David Bourget (Western Ontario)
David Chalmers (ANU, NYU)
Rafael De Clercq
Ezio Di Nucci
Jonathan Jenkins Ichikawa
Jack Alan Reynolds
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Ethical Theory and Moral Practice 13 (2):215-228 (2010)
My goal in this paper is to advance a long-standing debate about the nature of moral rights. The debate focuses on the questions: In virtue of what do persons possess moral rights? What could explain the fact that they possess moral rights? The predominant sides in this debate are the status theory and the instrumental theory. I aim to develop and defend a new instrumental theory. I take as my point of departure the influential view of Joseph Raz, which for all its virtues is unable to meet the challenge to the instrumentalist that I will address: the problem of justifying the enforcement of rights. I then offer a new instrumental theory in which duties are grounded on individuals’ interests, and individuals rights exist in virtue of the duties owed to them. I argue that my theory enables the instrumentalist to give the right sort of justification for enforcing rights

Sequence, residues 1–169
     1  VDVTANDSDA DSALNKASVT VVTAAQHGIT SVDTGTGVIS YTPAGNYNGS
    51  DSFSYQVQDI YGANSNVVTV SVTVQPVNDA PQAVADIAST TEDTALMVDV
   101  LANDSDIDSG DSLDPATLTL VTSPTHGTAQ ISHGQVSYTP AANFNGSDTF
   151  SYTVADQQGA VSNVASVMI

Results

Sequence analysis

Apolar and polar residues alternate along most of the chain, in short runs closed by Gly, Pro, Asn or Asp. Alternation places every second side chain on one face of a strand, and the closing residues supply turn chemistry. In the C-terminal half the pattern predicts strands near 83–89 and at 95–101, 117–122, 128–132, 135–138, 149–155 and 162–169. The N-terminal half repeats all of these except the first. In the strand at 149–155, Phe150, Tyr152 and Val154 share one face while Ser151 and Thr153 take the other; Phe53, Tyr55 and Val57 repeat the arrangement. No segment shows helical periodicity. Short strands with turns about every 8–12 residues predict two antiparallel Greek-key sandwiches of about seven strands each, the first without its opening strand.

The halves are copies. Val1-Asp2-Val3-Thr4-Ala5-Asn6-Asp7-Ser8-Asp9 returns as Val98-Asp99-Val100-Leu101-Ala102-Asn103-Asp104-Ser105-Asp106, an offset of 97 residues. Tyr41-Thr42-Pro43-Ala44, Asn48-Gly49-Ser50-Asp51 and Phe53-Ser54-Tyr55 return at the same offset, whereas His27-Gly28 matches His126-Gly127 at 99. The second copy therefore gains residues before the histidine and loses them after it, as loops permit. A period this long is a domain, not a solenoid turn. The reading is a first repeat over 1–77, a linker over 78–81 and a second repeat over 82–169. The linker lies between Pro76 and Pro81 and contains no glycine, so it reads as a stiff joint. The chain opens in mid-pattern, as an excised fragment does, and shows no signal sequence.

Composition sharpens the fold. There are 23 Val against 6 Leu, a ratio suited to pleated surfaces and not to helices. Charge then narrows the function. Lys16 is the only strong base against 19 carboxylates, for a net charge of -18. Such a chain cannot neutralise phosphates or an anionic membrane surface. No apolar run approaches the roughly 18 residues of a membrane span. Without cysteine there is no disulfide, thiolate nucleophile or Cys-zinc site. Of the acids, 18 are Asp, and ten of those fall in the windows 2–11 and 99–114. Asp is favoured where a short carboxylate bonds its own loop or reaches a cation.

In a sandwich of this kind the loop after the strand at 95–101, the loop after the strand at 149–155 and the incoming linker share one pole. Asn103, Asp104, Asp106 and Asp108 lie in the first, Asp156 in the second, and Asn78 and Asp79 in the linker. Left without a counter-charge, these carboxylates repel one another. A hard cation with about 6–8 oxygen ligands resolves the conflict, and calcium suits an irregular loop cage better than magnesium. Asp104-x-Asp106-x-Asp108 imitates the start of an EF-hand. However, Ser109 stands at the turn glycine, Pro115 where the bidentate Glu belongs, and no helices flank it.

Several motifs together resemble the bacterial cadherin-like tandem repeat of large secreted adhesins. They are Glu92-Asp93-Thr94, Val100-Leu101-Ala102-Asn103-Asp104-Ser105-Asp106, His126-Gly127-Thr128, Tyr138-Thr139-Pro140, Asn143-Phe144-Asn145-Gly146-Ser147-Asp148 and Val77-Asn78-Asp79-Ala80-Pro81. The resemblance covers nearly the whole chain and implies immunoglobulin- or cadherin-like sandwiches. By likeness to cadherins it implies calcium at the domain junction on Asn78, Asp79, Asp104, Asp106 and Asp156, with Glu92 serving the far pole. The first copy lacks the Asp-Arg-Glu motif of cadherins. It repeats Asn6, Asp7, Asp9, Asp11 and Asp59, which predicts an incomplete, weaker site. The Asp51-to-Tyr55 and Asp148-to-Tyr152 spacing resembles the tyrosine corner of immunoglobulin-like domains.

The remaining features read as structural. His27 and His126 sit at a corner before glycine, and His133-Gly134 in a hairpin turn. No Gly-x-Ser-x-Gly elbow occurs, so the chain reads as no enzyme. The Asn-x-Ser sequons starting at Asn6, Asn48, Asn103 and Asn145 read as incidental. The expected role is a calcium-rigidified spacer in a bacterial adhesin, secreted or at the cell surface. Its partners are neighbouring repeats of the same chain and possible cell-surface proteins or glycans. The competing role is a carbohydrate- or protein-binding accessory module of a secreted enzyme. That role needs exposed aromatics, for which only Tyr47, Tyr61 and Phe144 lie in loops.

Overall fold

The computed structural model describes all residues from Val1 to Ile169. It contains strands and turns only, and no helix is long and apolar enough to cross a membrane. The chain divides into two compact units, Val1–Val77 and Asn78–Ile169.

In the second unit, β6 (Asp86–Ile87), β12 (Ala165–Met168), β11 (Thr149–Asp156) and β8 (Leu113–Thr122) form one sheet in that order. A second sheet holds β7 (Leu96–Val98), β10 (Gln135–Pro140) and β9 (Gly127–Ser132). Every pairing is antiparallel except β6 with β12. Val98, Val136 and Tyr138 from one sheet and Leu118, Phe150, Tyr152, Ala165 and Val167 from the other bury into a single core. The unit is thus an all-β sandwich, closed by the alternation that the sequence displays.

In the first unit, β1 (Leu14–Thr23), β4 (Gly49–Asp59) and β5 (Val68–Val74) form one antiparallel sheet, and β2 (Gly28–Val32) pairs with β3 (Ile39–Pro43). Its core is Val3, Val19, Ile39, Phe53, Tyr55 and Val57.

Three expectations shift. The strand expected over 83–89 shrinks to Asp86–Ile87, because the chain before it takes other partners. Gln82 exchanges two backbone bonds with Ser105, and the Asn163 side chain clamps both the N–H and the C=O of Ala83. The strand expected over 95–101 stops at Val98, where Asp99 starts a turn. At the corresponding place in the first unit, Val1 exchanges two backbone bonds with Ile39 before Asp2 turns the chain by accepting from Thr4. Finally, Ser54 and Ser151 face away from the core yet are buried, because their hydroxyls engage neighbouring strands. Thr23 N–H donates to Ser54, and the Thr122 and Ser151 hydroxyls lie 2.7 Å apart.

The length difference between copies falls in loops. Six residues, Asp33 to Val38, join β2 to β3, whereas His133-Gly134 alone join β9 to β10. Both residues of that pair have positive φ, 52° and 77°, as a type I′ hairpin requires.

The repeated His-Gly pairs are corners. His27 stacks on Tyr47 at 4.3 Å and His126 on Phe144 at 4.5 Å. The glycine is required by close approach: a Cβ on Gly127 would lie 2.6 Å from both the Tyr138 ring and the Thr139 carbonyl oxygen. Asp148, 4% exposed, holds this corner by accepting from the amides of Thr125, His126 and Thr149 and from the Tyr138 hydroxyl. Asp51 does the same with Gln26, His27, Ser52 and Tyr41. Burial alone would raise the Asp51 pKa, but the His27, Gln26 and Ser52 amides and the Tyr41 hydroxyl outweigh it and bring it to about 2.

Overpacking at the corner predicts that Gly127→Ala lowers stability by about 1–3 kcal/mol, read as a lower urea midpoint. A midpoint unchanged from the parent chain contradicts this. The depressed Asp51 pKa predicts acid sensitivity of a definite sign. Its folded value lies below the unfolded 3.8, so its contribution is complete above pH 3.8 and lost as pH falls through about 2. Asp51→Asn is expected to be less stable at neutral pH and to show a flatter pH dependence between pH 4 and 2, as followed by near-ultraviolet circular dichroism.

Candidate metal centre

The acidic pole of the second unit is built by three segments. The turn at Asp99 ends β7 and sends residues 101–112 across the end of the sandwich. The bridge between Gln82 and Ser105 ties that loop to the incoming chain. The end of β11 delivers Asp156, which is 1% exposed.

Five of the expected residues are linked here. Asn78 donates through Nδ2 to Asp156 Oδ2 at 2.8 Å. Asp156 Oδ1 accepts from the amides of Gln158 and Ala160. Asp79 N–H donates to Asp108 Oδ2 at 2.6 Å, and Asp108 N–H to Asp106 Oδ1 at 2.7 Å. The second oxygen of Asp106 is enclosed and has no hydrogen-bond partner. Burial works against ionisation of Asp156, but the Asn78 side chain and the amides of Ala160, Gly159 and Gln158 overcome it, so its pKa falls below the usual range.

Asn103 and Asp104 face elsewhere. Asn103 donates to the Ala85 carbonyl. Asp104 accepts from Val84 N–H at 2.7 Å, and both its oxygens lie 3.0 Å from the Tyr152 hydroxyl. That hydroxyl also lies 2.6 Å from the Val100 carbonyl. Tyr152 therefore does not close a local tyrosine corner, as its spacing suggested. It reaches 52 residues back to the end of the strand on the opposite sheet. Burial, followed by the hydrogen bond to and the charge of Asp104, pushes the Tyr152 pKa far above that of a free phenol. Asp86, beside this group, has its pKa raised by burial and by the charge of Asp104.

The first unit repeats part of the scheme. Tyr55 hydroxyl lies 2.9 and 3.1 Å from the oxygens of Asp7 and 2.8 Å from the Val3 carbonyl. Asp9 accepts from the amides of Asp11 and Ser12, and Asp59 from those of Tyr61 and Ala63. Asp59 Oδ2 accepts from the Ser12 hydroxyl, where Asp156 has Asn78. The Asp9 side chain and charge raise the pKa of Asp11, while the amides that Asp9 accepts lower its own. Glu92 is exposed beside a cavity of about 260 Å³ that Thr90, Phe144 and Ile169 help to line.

|Keywords||Ethics Moral philosophy Rights Reasons Duty Justification Coercion|
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References found in this work BETA
Stephen L. Darwall (2006). The Second-Person Standpoint: Morality, Respect, and Accountability. Harvard University Press.
Joseph Raz (1986). The Morality of Freedom. Oxford University Press.
John Stuart Mill (1999). On Liberty. Broadview Press.
Joseph Raz (1994). Ethics in the Public Domain: Essays in the Morality of Law and Politics. Oxford University Press.
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